Skip to content
Link copied to clipboard

More than 10,000 people shot since 2015 | Morning Newsletter

And, Cosby accusers denounce his overturned conviction.

    The Morning Newsletter

    Start your day with the Philly news you need and the stories you want all in one easy-to-read newsletter

Happy Sunday, readers of The Inquirer Morning Newsletter. Here’s what you should know.

Philadelphia has hit another bleak milestone — more than 10,000 people have been shot in the city since 2015, the year police began routinely posting gun-violence statistics online. The city’s midyear homicide total was the highest in at least 60 years.

Reporters Chris Palmer, Dylan Purcell, and Anna Orso talked to Philadelphias about how this violence impacts their communities and asked city leaders what’s being done to stop it.

— Lauren Aguirre (@laurencaguirre,

The week ahead

  1. Some of Bill Cosby’s accusers and their supporters held a vigil Saturday to denounce the court decision that overturned his conviction.

  2. A racist rant in Mount Laurel sparked neighbors to fight back and press for change. The man taunted people to “come see me” — and dozens showed up outside his condo and protested for hours until he was arrested. But a lot happened before this moment went viral.

  3. Hundreds turned out to honor the Main Line firefighter who died on his last day on the job before returning home to Canada.

  4. President Joe Biden will be in Philly this week to talk about voting rights.

  5. Delaware County didn’t have its own health department when the pandemic hit the region, so Chester County stepped in to help. And that partnership is ending soon.

  6. Former Camden Mayor Gwendolyn Faison, the first woman to hold that office, has died at 96.

  7. Good luck finding a bathhouse at the Jersey Shore. There used to be hundreds of places where you could pay to shower but now it’s just a handful. Here’s why.

This week’s most popular stories

Behind the story with Marina Affo

Each week we go behind the scenes with one of our reporters or editors to discuss their work and the challenges they face along the way. This week we chat with quick strike investigative reporter Marina Affo about her job and her work as a newer Inquirer staff member.

How would you describe what a quick strike investigative reporter is?

The Quick Strike team takes news of the moment and digs deeper. When new legislation came out about ATVs, I wrote an explainer for anyone who hadn’t read up on the culture. When the city budget gave money for anti-violence initiatives, I paired up with a reporter to look into some of those programs.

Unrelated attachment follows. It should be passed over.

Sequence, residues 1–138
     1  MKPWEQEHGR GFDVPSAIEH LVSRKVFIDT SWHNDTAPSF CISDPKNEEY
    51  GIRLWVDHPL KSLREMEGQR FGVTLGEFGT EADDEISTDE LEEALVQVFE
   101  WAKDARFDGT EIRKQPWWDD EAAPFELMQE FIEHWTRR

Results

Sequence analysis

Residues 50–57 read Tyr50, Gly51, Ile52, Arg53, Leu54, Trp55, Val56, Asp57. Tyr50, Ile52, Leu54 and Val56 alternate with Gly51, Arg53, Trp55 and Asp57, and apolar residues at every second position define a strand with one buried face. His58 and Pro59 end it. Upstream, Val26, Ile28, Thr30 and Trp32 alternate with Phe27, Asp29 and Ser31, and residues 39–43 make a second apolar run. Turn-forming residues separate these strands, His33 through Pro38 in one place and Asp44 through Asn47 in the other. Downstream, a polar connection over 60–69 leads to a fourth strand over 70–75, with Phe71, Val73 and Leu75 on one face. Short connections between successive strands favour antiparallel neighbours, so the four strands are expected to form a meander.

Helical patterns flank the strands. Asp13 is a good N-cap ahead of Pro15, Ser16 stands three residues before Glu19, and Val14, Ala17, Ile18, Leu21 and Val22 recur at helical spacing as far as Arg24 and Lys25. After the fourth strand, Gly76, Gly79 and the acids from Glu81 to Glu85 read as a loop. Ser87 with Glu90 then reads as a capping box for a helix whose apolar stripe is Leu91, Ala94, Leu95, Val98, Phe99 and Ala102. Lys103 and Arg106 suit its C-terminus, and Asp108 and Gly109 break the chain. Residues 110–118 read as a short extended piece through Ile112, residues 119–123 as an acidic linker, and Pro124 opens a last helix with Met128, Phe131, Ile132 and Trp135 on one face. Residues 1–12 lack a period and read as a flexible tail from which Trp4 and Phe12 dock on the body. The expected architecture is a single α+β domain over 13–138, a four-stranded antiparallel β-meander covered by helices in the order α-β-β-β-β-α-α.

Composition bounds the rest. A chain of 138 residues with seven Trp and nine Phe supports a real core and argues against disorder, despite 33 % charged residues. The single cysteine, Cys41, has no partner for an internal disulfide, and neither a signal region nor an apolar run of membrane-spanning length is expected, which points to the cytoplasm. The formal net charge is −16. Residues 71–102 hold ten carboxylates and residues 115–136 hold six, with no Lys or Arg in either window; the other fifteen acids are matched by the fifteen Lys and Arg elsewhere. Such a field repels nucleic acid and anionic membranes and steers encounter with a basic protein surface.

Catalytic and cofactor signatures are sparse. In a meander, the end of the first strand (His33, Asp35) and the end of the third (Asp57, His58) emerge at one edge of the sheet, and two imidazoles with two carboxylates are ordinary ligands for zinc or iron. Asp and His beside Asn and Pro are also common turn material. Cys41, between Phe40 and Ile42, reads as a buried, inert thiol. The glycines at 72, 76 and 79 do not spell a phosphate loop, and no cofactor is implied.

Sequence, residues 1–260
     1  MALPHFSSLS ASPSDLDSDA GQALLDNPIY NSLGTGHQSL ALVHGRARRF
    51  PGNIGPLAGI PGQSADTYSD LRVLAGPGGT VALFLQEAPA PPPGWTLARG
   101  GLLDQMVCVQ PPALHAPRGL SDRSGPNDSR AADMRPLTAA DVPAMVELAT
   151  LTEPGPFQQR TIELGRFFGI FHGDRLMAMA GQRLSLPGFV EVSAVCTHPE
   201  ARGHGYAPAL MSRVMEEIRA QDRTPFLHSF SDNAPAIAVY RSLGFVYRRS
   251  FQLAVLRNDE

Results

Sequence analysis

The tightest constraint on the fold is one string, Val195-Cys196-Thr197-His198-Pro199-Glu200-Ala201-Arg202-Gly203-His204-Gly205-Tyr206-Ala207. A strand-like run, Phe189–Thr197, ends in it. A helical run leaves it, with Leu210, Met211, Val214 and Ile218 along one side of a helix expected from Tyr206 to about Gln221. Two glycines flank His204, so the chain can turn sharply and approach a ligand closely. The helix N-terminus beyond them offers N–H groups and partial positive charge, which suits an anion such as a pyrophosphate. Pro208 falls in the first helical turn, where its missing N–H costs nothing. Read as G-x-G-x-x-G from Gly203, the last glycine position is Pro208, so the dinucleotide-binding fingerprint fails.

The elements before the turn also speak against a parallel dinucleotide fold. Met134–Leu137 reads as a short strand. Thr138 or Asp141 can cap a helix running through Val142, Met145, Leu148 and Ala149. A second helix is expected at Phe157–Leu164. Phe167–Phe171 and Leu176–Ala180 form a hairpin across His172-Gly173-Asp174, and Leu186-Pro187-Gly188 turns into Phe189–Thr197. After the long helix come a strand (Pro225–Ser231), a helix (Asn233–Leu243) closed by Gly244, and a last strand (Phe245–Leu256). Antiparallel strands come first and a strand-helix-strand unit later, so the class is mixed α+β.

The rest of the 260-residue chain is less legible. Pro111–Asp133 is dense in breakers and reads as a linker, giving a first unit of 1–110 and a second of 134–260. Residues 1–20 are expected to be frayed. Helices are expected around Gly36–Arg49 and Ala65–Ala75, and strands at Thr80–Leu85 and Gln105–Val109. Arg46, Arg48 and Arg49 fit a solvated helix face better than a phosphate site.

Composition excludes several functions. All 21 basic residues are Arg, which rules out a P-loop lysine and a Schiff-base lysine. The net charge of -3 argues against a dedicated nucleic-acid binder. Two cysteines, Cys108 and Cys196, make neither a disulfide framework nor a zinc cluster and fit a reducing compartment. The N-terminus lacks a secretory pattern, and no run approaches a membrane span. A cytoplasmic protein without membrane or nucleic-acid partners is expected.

What does a typical day look like for you? Does one exist?

Every day is totally different, and I like that. Some days I’m working on a story from the day before. Other days, something breaking comes up in relation to past stories, and I have to dig even deeper. Or, one of the desks needs an assist, and I get to learn and report on something new.

What are a few things you’ve worked on recently that you’re proud of?

I did my first explainer recently about ATV and biking culture in the city, and that was a lot of fun.

What are you keeping an eye on as far as trends to possibly look into?

Still getting to know the people and the pulse of a new city.

What’s something you’ve learned through your own reporting, at any point in your career?

Three big things I’ve learned: One, a lot of people are motivated by very similar things, even if those motivations manifest in dramatically different actions and views. Two, most interviews begin before you hit record and end way after you’ve asked what you think will be your last question. And three, you never know what hardship someone has gone through or how much just giving them space to get it all out will impact them, so give them that space.

What are you looking forward to this year outside of work?

My boyfriend and I are new homeowners, so I’m looking forward to decorating the place and creating a home filled with love (and a lot of fairy lights).

Email Marina Affo at, and follow her on Twitter at @marina_affo.

Through Your Eyes | #OurPhilly

The Philly skies are always pretty just after some rain. Thanks for sharing!

Tag your Instagram posts or tweets with #OurPhilly and we’ll pick our favorite each day to feature in this newsletter and give you a shout out!

Spotted lanternflies aren’t going anywhere

In some areas, spotted lanternflies seem to have greatly reduced populations, or they’re just not present at all. But that doesn’t mean they’ve gone away. Turns out, the spotted lanternfly is a complicated bug. They’re still widely present, but are highly mobile and are notorious hitchhikers, so can spread far. Here’s what scientists are learning about their patterns.

What we’re…

  1. Exploring: Ember & Ash’s wood-fueled hearth pays homage to the rustic art of off-cut cooking, where no organ is left behind.

  2. Eating: A South Philly restaurant family is reviving sandwich shop history with epic hoagies and pizza steak.

  3. Listening to: Black Thought is telling his Philly story in a new Audible memoir.

Your Daily Dose of | Philly drag

As the region reopens, so are Philly clubs. And drag shows. After more than a year of not performing in person, Sapphira Cristál is back. Here’s a day in her life.